Meandering the Dundonald Burn
The Dundonald Burn flows through Shewalton Wood Wildlife Reserve. Prior to this project commencing, it had high, straight sides which were a result of historical land improvements for industry and agriculture. Heavy rain would dislodge plants and silt, removing any developing wildlife interest and sending dirty water down to the River Irvine. The flow also caused flooding and the burn's vertical banks were species-poor.
Now however, the burn has gentle bends with shallow banks. This slows the water down, trapping silt and giving wildlife a chance to thrive.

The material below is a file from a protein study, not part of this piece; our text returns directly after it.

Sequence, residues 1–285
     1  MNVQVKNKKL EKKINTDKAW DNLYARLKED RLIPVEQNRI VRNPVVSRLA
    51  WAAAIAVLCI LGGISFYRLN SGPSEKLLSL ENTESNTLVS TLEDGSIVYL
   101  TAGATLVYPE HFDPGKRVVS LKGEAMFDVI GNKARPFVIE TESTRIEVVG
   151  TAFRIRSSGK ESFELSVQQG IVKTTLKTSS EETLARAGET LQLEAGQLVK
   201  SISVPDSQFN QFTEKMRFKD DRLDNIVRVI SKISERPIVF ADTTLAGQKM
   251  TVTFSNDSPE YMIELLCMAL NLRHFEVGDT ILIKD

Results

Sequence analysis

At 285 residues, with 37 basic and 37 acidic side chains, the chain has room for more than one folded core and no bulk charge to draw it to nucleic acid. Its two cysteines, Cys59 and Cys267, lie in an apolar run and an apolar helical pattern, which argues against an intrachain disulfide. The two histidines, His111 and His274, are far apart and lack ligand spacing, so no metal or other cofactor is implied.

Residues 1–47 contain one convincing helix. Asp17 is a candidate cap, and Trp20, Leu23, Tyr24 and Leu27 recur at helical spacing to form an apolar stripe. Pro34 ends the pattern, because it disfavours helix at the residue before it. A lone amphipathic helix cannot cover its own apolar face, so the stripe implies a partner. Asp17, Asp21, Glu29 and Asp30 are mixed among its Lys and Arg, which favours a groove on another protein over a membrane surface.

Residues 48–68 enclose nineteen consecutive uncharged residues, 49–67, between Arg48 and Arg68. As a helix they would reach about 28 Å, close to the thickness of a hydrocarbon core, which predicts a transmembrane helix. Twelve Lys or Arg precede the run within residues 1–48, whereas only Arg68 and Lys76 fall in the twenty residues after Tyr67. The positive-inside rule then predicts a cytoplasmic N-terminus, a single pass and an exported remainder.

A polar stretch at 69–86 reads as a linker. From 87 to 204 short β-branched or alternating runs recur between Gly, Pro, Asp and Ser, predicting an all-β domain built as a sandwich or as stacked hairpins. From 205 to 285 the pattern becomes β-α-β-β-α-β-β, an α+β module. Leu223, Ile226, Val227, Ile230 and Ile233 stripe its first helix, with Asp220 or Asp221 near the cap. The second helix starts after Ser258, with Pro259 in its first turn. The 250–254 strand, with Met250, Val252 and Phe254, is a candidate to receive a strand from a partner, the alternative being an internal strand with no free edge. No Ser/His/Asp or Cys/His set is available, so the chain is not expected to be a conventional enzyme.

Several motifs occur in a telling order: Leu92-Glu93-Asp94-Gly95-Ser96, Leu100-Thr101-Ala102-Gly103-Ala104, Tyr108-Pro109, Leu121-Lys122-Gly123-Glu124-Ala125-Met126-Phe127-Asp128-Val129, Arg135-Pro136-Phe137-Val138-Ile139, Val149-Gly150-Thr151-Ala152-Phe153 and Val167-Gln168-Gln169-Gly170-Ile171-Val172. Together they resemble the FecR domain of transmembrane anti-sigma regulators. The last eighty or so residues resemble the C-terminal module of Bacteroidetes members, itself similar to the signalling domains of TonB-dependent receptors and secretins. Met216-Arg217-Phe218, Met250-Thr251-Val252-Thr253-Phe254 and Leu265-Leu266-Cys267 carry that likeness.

Check out the images for a bird's-eye view of the new, meandering burn.
While it's still early days, we've already spotted otter and water rail making use of the new-look burn. The Scottish Wildlife Trust are planting a mixture of trees and wildflowers along the banks, making it even more of a haven for wildlife.
800m of the Dundonald Burn meandered
Did you know?
The Dundonald burn is ideal habitat for the European Eel (Anguilla anguilla), a species whose populations have crashed in recent years, resulting it being put on the critically endangered list. Our project will make sure the new channel has plenty of suitable refuges and foraging areas for eels.
Image: Common eel © Marine Scotland